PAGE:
Tuesday, 7 September 2010

Gustave Flaubert's Salammbo - a Historical Masterpiece

If you have read Flaubert's masterpiece Madame Bovary you will hardly recognize that the historical novel Salammbo is written by the same author. Whereas in the first book the French novelist focuses on the adulterous affairs of Emma Bovary as a means to escape the banal and empty provincial life, in Salammbo he depicts a rather unexplored period of history - Carthage immediately before and during the Mercenary Revolt in 3rd century BC.

What unites both works of literature is Flaubert's astonishing writing style. While I was reading his novels I felt as if there were no unnecessary words or expressions; the author searches for the perfect set of words to describe an event, an emotion, or a character. The result is obviously brilliant - Salammbo is a historical masterpiece about Carthage, which amazes the reader with the author's extensive research and knowledge about the topic.

When after the First Punic War Carthage is unable to fulfill its promises to the mercenaries, it finds itself under their brutal and outrageous attack. Three years of war are portrayed by constant shift of power between the Carthaginians, lead by their brave general Hamilcar Barca and the mercenaries under the rule of the Lebanese Matho. The novel gives a brutal depiction of the battles - the warriors are grotesque, vulgar, and heartless. They have lost their human shape; friendship and love have been change by the instinct to survive. The Carthaginians rituals to conciliate the Gods are unimaginable - they sacrifice all the nobility's children to ensure the positive outcome of the war. The mercenaries are no angles either. Hunger and thirst deprive them from their human virtues and force them to act as animals - killing and eating each other in order to beat death.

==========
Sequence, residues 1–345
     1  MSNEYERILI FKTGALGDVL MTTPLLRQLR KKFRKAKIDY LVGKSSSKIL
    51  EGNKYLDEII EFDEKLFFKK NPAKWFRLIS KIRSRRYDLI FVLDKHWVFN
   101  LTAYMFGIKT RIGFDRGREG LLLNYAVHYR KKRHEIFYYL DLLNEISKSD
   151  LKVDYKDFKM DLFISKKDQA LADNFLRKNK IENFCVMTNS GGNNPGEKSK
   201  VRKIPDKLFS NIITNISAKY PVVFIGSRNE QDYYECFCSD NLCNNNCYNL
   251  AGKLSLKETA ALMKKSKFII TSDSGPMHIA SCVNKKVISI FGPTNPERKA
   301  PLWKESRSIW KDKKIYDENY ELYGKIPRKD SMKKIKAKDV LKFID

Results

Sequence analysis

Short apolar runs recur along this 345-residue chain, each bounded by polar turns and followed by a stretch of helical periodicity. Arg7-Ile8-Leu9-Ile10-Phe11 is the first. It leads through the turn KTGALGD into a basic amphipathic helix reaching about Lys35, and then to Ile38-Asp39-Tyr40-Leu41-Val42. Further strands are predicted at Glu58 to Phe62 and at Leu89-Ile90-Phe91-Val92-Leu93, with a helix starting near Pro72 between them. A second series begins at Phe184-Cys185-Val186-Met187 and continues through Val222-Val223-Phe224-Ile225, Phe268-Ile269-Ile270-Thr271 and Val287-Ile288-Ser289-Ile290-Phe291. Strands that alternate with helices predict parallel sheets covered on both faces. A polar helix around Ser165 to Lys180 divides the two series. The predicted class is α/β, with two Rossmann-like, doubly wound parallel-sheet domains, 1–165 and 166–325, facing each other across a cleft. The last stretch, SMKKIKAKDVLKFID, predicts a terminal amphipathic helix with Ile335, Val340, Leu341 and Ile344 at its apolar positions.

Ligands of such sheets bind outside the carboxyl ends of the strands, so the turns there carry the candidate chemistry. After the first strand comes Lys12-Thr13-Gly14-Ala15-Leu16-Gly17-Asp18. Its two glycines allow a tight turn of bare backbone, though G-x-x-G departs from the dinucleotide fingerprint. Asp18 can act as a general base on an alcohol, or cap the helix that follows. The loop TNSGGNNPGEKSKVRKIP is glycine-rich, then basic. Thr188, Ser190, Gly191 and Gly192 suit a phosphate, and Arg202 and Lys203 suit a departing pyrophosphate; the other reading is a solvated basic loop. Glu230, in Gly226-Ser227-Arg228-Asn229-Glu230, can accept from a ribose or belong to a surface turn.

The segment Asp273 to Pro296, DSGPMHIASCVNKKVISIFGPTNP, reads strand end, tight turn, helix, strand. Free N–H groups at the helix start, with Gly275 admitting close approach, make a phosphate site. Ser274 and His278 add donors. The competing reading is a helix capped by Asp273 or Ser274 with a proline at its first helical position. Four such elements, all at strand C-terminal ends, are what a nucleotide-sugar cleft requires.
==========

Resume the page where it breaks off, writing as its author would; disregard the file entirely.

In the middle of this horrific picture rises the character of Salammbo - Hamilcar's beautiful daughter. Matho falls deeply in love with her and steals the sacred veil of Carthage. This prompts Salammbo to enter the mercenaries' camp and to return the sacred symbol thus securing Carthage's victory. The girl feels strangely attracted to him and when the war ends and Matho is publicly executed in Carthage on her wedding day, she dies as well.

Although the novel was extremely difficult to read, I enjoyed it quite a lot. Flaubert indeed did his research. The author shows extensive knowledge in this tale of blood and cruelty. The book is all about the precise and accurate description of the barbaric tribes, the ancient rituals and weapons, the battles, and the strategic moves. Gustave Flaubert indeed creates a detailed portrait of the Mercenary revolt. Salammbo is an epic masterpiece about sensuous and violent exoticism. Even though Flaubert's first novel Madame Bovary is considered his absolute masterpiece, Salammbo is another bestseller, which seals his reputation as one of the best French novelists. If you enjoy historical novels, I would definitely suggest Salammbo because you get to explore a time period not largely exploited in literature. Hence, you will be interested and fascinated.

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